I’ve Been Injured in a Car Wreck That Was Not My Fault: What Can I Recover?
If you were involved in a motor vehicle collision due to someone else’s negligence, you may be able to recover “damages” (or compensation) for your losses. Damages include economic damages (such as medical expenses and lost income), non-economic damages (for “pain and suffering”) and, in rare cases, punitive damages (for DUIs, hit-and-runs, or repeat offenders).
Knowing what is covered in each category and the value of your damages can help you make an informed decision about whether to pursue a case. Having this knowledge beforehand can also help build your case by collecting important information early in the process. Listed below are the basic elements of damages for personal injury.
Recoverable Economic Damages for Bodily Injury Claims
“Economic” means that they are damages you can put a price on, i.e. there is an economic basis for the amount you’re seeking. There are several components of economic damages that may be recovered following a motor vehicle collision, including:
Medical expenses (past and future treatment) – You are allowed to recover the amount charged versus the amount paid. If you have health insurance, you can recover for expenses paid by your insurance company and then you will reimburse your insurance company for the amount they paid.
Lost income (past and future lost earnings) – You will have to show how much you were earning prior to the collision.
The value of economic damages are established by collecting medical bills and records, tax returns, and employment records.
If collision has left you with injuries or a chronic condition that requires future medical treatment, economic damages can cover that if you can prove that you will need future treatment. It can cover the cost of future surgeries, physical or occupational therapy, and any follow-up visits you might have with a doctor.
Compensation for future lost earnings will take into account both missed work as well as any diminished earning capacity as a result of the accident. Income difference can be factored into your compensation if the accident left you with a lower-paying job.
Recoverable Non-Economic Damages for Bodily Injury Claims
“Non-economic” means damages you cannot put a price on. These include physical and emotional pain and suffering, as well as loss of enjoyment of life, inconvenience, loss of ability to labor, and loss of consortium (meaning deprivation of the benefits of a family relationship).
Recovery for non-economic damages depends on the severity of the collision. While this category is more difficult to quantify than economic damages, it can be a significant component of your compensation.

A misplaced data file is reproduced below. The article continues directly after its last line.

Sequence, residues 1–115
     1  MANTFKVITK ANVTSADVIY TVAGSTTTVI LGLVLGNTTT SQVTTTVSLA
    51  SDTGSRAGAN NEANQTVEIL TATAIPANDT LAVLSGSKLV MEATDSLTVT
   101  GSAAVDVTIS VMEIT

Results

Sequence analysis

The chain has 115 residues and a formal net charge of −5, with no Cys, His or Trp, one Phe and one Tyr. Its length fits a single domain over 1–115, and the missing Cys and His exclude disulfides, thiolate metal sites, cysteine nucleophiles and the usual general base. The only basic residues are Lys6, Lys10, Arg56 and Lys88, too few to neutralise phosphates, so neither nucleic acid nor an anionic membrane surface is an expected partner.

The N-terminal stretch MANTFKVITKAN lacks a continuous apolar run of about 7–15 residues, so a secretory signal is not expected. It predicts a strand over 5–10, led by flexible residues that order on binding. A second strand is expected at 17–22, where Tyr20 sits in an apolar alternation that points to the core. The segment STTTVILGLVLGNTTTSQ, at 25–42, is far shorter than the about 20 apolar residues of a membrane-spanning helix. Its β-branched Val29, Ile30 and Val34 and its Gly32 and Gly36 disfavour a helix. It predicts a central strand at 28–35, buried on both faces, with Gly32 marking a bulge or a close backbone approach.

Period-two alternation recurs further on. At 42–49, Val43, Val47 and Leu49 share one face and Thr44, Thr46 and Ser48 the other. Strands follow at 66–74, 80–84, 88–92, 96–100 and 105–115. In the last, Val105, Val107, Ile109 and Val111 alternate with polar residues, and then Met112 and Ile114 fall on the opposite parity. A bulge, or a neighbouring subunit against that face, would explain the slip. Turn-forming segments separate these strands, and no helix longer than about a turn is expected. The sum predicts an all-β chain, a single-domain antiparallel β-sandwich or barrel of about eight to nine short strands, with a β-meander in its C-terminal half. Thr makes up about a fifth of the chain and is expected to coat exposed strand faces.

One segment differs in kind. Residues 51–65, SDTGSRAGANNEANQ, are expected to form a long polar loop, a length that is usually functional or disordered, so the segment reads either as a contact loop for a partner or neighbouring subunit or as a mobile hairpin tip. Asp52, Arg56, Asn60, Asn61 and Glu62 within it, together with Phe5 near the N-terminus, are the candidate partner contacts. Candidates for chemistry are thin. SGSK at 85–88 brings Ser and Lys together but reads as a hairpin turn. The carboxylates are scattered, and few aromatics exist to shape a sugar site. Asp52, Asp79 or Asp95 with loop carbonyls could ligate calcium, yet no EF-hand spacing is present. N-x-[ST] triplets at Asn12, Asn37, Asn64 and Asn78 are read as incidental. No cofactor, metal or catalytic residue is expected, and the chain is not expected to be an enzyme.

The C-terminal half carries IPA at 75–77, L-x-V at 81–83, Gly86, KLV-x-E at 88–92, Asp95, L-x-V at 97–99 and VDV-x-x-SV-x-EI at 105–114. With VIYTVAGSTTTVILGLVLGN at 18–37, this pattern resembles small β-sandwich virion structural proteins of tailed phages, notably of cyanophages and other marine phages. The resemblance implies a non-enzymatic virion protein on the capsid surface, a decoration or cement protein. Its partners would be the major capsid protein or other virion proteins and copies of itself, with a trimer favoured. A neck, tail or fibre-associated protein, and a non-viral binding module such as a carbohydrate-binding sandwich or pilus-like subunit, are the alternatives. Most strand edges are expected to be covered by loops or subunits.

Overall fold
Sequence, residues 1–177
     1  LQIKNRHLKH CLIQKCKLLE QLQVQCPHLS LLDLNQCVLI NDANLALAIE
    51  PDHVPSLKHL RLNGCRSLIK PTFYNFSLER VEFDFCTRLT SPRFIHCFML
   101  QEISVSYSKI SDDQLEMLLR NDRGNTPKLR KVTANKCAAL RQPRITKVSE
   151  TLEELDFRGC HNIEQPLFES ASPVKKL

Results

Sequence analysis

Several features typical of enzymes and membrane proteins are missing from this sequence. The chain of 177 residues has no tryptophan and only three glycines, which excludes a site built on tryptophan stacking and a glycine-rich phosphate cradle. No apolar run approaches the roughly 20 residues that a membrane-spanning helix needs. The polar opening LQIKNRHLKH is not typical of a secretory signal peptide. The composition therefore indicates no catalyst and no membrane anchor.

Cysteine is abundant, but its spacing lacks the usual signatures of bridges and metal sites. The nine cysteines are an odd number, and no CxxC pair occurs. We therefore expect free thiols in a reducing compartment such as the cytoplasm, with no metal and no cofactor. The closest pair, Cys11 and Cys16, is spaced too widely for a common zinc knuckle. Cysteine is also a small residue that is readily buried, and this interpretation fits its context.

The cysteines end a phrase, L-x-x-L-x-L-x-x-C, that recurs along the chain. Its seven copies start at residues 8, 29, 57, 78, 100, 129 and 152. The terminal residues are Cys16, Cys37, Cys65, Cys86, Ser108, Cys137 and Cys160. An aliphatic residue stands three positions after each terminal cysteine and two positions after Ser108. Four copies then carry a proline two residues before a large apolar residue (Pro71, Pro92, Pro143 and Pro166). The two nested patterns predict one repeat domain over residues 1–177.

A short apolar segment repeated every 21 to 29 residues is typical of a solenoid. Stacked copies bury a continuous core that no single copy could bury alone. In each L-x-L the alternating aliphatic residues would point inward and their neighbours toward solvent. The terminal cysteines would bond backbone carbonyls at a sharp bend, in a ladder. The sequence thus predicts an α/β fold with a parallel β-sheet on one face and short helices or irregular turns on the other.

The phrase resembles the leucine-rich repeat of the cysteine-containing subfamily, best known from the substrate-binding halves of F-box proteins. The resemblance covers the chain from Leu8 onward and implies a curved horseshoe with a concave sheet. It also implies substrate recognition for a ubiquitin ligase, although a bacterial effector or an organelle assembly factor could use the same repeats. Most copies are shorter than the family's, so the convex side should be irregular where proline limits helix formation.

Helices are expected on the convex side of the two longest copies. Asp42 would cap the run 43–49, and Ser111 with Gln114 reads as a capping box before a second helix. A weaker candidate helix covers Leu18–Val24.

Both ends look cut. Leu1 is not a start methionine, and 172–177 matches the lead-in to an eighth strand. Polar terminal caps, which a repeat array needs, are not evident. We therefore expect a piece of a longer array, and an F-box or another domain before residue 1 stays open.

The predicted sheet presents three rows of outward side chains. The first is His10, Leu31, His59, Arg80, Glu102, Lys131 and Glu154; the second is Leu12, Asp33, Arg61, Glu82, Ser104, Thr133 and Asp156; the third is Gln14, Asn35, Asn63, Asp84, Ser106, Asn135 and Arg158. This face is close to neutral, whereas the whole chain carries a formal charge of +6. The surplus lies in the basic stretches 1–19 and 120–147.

In Georgia, non-economic damages like “pain and suffering,” are determined by “the enlightened conscience of the jury.” Pre-suit, we tend to think of it as a factor of the medical expenses (since that is how insurance adjusters look at it). Generally 2-3x medical expenses is a typical range we see for pain and suffering damages. Once you file a lawsuit, however, we usually argue that pain and suffering should be judged on a per day basis that you have to live with your pain, such as $10-50/per day depending on the severity of your injuries. Pain and suffering is established with testimony concerning the impact of the collision on your daily life, including your relationships.
What are Punitive Damages?
Punitive damages are a separate category of damages that will be determined by a jury in a separate phase of the trial. The purpose of punitive damages, also referred to as “exemplary damages,” is not meant to compensate the plaintiff/victim but to punish the defendant/at-fault driver for his/her reckless conduct. According to Georgia law, punitive damages are only awarded if an attorney can prove that the defendant showed “willful misconduct, malice, fraud, wantonness, oppression” or “conscious indifference to consequences.” In car wreck cases, that usually means that the at-fault driver was guilty of a DUI or hit-and-run or that the at-fault driver is a notoriously unsafe driver with a long history of causing wrecks.
As a result of tort reform, Georgia caps the amount of punitive damages recoverable at $250,000. The only exception (when there is no cap on what can be recovered) is if the defendant acted under the influence of drugs or alcohol. Georgia law also requires that 75% of any punitive damage award be paid to the state treasury, rather than the plaintiff.
Let Atlanta Personal Injury Attorney Bethany Schneider
Help You Maximize Your Recovery
If you or a loved one were injured in a car wreck, you may be entitled to the types of compensation discussed above for your injuries. At Schneider Law, P.C., we have experience helping our clients maximize their recovery following a motor vehicle collision. To make an appointment with personal injury lawyer Bethany Schneider, call (404) 800-3060 or email her at firstname.lastname@example.org.